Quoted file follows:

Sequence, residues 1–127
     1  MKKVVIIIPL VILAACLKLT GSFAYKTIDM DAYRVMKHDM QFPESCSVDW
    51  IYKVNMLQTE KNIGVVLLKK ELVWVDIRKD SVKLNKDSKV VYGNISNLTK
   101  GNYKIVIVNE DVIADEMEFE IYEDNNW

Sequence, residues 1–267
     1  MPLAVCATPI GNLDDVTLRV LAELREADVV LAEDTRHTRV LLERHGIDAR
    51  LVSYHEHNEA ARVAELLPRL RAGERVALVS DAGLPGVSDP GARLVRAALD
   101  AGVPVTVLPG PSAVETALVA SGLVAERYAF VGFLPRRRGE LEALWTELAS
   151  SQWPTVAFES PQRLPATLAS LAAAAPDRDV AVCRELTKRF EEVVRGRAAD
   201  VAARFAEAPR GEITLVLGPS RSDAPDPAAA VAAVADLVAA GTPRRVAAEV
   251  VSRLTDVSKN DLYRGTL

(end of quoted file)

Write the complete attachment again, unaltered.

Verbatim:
Sequence, residues 1–127
     1  MKKVVIIIPL VILAACLKLT GSFAYKTIDM DAYRVMKHDM QFPESCSVDW
    51  IYKVNMLQTE KNIGVVLLKK ELVWVDIRKD SVKLNKDSKV VYGNISNLTK
   101  GNYKIVIVNE DVIADEMEFE IYEDNNW

Sequence, residues 1–267
     1  MPLAVCATPI GNLDDVTLRV LAELREADVV LAEDTRHTRV LLERHGIDAR
    51  LVSYHEHNEA ARVAELLPRL RAGERVALVS DAGLPGVSDP GARLVRAALD
   101  AGVPVTVLPG PSAVETALVA SGLVAERYAF VGFLPRRRGE LEALWTELAS
   151  SQWPTVAFES PQRLPATLAS LAAAAPDRDV AVCRELTKRF EEVVRGRAAD
   201  VAARFAEAPR GEITLVLGPS RSDAPDPAAA VAAVADLVAA GTPRRVAAEV
   251  VSRLTDVSKN DLYRGTL